Country music icon, Dolly Parton, known for her effervescent spirit and enduring work ethic, refuses to entertain thoughts of retirement. Having an impressive discography of 65 studio albums, the '9 to 5' singer recently revealed she would rather have a dramatic exit, 'dropping dead' onstage, than planning her farewell performance.
During an engaging discussion on Greatest Hits Radio with host Ken Bruce, Parton made her sentiments clear. She's not one to be found idling around; the thought of retirement is far from her mind. "I'll just hopefully drop dead in the middle of a song onstage someday.
Hopefully, one I've written," said Parton, unabashedly expressing her fondness for the stage and her work. She elucidated that she'd only consider slowing down if her or her husband's health was at stake.
Parton's Unyielding Work Ethic
Parton's unwavering commitment to her work stems from her belief that individuals blessed enough to witness their dreams materialize have a responsibility to sustain the dream.
The multifaceted artist compares her career trajectory to a sturdy tree with robust roots, sprouting numerous branches and leaves, embodying her numerous dreams and opportunities. In May, Parton's legendary status was reinforced as she received three new Guinness record titles.
These accolades include having the longest span of No. 1 hits, the most Top 10 entries on the US Top Country Albums chart, and the most studio albums released by a female country singer. The 77-year-old singer has no plans to decelerate, as seen with her latest endeavor, a new album titled 'Rockstar.'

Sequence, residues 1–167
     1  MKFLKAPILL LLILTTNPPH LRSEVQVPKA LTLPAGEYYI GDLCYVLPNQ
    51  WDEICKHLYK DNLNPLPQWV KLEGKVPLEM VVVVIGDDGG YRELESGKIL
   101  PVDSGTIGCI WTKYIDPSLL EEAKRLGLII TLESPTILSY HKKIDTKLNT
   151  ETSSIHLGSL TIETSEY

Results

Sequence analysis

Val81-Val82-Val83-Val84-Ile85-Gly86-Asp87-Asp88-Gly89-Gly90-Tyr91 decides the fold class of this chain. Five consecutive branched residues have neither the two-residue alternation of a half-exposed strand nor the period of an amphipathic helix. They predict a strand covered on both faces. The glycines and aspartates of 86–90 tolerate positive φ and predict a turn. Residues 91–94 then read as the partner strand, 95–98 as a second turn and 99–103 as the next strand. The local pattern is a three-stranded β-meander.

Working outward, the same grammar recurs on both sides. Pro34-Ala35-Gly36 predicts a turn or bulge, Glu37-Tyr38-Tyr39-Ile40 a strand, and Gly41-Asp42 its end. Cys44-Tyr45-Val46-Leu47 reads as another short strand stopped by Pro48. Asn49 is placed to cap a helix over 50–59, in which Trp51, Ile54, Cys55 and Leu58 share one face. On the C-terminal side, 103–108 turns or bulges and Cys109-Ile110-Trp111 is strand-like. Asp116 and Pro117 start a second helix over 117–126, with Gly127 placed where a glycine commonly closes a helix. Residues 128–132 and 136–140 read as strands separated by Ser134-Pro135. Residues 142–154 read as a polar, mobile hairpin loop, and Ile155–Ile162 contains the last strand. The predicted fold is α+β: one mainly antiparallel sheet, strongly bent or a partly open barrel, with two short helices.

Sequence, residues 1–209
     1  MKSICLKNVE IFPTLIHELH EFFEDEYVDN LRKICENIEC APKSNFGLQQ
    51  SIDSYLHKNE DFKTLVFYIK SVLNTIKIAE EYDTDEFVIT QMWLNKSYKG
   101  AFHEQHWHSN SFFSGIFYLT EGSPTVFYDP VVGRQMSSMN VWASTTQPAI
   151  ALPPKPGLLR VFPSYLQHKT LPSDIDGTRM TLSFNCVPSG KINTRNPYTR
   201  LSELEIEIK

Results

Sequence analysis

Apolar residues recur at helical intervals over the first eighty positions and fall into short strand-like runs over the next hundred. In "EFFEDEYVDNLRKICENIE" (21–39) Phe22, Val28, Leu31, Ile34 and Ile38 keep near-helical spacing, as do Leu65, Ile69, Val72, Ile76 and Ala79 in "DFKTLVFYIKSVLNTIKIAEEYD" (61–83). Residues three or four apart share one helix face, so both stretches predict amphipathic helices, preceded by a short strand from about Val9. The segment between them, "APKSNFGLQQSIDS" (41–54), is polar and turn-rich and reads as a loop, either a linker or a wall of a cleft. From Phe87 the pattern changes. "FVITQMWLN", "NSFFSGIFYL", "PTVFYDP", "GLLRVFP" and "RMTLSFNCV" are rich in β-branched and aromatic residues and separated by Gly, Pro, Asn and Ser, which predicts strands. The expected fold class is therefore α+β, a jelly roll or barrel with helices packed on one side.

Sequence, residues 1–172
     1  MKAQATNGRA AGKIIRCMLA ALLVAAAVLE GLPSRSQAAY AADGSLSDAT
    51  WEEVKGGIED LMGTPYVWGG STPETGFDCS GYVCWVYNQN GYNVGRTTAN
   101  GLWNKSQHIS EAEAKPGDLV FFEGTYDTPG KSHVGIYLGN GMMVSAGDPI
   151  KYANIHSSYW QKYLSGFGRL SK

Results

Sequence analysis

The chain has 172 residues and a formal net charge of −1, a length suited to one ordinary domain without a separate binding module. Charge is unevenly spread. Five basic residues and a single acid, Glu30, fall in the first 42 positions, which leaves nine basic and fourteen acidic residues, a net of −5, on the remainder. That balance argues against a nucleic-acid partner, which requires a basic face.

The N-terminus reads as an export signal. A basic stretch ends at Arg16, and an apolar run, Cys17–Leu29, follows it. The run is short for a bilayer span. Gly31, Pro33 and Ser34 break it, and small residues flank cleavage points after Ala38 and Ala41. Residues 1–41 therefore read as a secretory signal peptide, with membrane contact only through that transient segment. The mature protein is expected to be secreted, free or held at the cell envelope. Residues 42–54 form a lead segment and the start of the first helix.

The highly anticipated album is inspired by her 2022 induction into the Rock & Roll Hall of Fame and features collaborations with multiple rock legends including Paul McCartney, Ringo Starr, Steve Perry, Sting, Joan Jett and the Blackhearts, Sheryl Crow, Pat Benatar, and Elton John.
However, Parton is explicitly clear about her disdain for the emerging trend of artificial intelligence holograms to preserve artists' onstage presence. While many of her contemporaries embrace this technology, Parton resists, stating she doesn't want to leave her soul behind on Earth, preferring to be remembered by the considerable body of work she's created.
In her own words from an earlier interview with The Independent, "I think I've left a great body of work behind," indicating she intends to live on through her timeless music.
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